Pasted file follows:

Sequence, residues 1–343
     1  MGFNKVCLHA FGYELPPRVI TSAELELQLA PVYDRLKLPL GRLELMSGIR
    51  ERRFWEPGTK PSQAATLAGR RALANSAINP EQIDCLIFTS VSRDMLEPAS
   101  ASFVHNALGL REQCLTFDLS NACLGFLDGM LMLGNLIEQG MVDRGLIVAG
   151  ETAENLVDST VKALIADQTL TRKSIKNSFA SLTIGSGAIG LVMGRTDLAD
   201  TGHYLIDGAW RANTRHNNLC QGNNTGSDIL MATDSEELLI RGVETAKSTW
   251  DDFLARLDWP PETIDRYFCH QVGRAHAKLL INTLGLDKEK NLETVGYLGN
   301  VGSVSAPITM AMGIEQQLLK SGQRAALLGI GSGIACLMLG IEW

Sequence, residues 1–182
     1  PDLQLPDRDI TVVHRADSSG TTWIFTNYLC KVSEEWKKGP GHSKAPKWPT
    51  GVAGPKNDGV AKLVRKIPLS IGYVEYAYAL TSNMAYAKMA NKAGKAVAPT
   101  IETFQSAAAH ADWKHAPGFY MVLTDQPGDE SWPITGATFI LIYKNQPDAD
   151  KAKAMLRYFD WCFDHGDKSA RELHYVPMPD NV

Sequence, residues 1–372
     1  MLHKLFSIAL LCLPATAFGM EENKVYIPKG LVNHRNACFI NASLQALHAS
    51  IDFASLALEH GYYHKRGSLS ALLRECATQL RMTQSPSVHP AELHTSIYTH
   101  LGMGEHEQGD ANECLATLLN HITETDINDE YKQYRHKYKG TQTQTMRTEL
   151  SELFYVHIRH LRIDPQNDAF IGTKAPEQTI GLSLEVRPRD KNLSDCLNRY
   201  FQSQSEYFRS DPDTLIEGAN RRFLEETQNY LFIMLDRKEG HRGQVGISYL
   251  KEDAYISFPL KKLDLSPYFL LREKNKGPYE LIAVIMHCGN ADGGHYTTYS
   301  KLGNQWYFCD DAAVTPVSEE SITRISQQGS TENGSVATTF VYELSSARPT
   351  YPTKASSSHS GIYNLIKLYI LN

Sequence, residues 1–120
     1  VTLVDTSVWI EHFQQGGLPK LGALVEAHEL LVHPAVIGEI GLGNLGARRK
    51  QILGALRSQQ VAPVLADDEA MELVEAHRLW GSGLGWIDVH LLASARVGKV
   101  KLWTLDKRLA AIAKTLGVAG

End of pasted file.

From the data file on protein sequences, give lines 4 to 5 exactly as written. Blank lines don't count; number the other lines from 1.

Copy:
   101  ASFVHNALGL REQCLTFDLS NACLGFLDGM LMLGNLIEQG MVDRGLIVAG
   151  ETAENLVDST VKALIADQTL TRKSIKNSFA SLTIGSGAIG LVMGRTDLAD